The solution should result in significant time savings and reduce the reliance on manual labour for the container inspection process, hence improving the depot’s handling capacity. The solution should also reduce/eliminate risky activities such as working at height or movement under the container trailer chassis. Being able to remotely/autonomously inspect the containers will make the job more attractive too.
There are about 11 shipping container depot operators in Singapore, operating around 20 container depot yards. At each of these yards, the inspection of containers (20 ft and 40 ft) for defects is carried out manually by a surveyor, in accordance to standards such as the Technical Reference 39 (TR 39 , developed by the Singapore Standards Council, Logistics Technical Committee), Cargo Worthy Standards by Shipping Lines or relevant IICL Standards (Institute of International Container Lessors). On average, about 3 to 5 surveyors are deployed to inspect containers at each of the container depot yards.
On average, about 100 to 200 containers are inspected daily for defects or damages. Generally, about 30 to 40% of the containers are expected to have some form of defects or damages that should be detected and identified.
The existing inspection process is carried out by visual survey on all visible areas of the container, interior and exterior.The estimated time taken to inspect each container may range from 5 to 10 mins (no defects), 20 minutes (minor defects) and up to around 40 minutes (serious defects). Inspection is typically carried out under daylight with containers mounted on trailers. Common defects or damages may include dents, deformations, or visible spillages of liquids.
Further details on the reporting criteria for conditions of containers can be found in TR 39 .
As the inspection may include some work at heights, the appropriate safety considerations for fall prevention would have to be put in place. Other challenges include inspection of the undersides of container surfaces which may be obscured from view unless the surveyor accesses under the trailer chassis.
The solution sought should be able to inspect the container autonomously or remotely, effectively detect, assess and classify the defects on containers and tag the findings to the containers based on their identification numbers. Ideally, the number of surveyors required per inspection yard should be reduced to 1 or 2.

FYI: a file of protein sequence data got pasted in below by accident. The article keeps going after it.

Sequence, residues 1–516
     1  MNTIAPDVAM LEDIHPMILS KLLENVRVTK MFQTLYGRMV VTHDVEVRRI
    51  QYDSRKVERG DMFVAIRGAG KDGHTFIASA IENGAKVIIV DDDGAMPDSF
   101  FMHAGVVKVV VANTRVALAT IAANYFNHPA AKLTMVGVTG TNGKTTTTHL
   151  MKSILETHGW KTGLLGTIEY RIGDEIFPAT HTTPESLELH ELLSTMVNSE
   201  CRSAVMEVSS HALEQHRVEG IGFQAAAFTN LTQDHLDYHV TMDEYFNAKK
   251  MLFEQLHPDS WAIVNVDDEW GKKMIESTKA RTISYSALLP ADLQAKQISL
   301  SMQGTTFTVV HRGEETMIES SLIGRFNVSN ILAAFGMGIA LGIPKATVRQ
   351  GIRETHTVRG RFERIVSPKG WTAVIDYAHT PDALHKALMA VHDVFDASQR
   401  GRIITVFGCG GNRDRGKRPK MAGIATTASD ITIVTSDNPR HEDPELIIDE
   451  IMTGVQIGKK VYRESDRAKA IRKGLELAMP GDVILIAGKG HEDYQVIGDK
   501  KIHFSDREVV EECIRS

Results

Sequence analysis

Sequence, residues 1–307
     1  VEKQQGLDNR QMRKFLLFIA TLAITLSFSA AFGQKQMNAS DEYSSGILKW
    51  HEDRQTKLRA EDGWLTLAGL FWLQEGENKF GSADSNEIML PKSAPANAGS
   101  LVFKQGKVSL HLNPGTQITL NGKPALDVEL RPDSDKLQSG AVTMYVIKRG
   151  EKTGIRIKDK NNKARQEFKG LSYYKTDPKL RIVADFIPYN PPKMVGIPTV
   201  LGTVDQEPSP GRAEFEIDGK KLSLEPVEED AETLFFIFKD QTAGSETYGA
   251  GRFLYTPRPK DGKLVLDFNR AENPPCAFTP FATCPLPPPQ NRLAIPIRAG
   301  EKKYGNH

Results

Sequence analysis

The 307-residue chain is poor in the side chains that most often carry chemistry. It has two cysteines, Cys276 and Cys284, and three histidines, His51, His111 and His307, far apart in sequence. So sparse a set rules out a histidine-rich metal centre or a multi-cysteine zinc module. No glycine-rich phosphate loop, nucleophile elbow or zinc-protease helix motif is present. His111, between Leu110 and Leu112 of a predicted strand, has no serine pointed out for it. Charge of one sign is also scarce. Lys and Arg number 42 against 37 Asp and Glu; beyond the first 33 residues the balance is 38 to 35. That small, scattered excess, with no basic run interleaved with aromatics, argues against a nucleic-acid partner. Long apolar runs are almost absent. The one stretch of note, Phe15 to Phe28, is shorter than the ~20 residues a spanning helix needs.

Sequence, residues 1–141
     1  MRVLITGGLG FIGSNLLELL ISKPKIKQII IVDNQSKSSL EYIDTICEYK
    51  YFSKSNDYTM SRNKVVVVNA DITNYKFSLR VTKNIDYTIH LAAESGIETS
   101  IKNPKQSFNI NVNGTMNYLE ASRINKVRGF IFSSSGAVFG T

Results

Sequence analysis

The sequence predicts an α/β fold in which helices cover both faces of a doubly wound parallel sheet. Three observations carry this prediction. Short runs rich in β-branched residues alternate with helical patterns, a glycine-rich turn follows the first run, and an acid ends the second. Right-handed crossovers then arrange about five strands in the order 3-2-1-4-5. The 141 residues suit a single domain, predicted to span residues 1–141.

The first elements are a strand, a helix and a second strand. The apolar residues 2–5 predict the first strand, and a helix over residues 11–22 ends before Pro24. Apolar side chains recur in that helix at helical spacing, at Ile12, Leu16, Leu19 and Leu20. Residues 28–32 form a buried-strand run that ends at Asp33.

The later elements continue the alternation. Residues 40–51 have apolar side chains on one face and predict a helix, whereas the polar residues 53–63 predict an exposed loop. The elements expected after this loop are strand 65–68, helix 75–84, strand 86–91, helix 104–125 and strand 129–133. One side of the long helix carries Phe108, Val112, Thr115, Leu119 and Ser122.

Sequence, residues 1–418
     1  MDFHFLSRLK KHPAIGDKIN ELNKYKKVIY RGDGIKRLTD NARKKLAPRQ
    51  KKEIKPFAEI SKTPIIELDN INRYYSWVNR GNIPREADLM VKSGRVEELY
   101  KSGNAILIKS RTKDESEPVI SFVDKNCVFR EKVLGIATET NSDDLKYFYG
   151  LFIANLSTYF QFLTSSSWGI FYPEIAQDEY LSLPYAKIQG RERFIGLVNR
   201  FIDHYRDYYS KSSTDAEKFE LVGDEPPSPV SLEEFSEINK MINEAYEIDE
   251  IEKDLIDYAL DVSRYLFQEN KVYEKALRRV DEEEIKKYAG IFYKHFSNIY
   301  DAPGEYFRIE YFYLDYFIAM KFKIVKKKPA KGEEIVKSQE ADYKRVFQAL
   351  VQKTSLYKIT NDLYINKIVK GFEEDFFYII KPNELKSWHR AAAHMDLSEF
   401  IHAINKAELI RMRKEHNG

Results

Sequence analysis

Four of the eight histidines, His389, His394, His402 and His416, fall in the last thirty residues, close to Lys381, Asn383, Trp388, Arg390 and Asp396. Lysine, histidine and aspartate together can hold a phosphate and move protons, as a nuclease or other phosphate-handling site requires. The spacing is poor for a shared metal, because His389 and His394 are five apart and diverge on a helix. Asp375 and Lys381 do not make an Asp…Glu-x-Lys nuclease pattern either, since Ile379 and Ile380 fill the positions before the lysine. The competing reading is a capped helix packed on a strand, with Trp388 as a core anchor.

TR 39:2015 - Technical Reference – Freight container equipment interchange receipt, Singapore Standards Council, Enterprise Singapore
There are no restrictions to the types of technology deployed, including drones, gantries, laser scanners, computer vision, AI, AR etc. However, the proposed solution should address the following requirements:
- Efficiently detect, assess and classify the defects, damages or uncleanlinesson containers in accordance to the reporting criteria specified inTR 39, Cargo Worthy or IICL Standards
- Offer significant time and manpower savings over the existing manual inspection process
- Be able to inspect defects at heights, and at all exposed surfaces of the containers
- Be able to provide location information of the defect positionand recommend the required action to rectify the defect
- Allow the data collected to be easily integrated with existing container depot management systems
- Be able to identify and recognise container identification numbers printed on the sides of the containers
- Be able to operate remotely, or autonomously
- Be able to detect defects from a range of container surfaces and dimensions (20ft, 40ft, ISO tanks, reefers etc.)
- Be easily deployable with minimal infrastructure costs
- Achieve a minimum accuracy of 70%
Data and physical containers for the training of AI models will be made available to shortlisted proposals.
No geographical restrictions on the origin of the technology. However, the proposed solution should be deployable for test and demonstration on-site at a Singapore-based container yard.
Minimum Required Technology Readiness Level (TRL)
6 months (including prototype and trial).
Trade and Connectivity Challenge2020
The present Innovation Call is part of theTrade and Connectivity Challenge 2020 co-organised by Enterprise Singapore along with IPI Singapore.
Singapore’s position as a strategic trade hub is backed by its strong regional networks and connectivity. In recent years, Singapore has also transformed into a hub for innovation activity.
The Trade and Connectivity Challenge (TCC) leverages Singapore’s vibrant ecosystem of global trade, connectivity and innovation as a call for solutions to drive partnerships in the aviation, maritime, land mobility, logistics, and trade sectors. Now, in its second year, TCC 2020 continues to provide opportunities for startups and SMEs to co-innovate, deploy, and adopt innovative solutions.
Enterprise Singapore, together with IPI, invites you to showcase your innovative solutions in growth areas, such as big data analysis, Internet of Things and sustainability post-COVID19.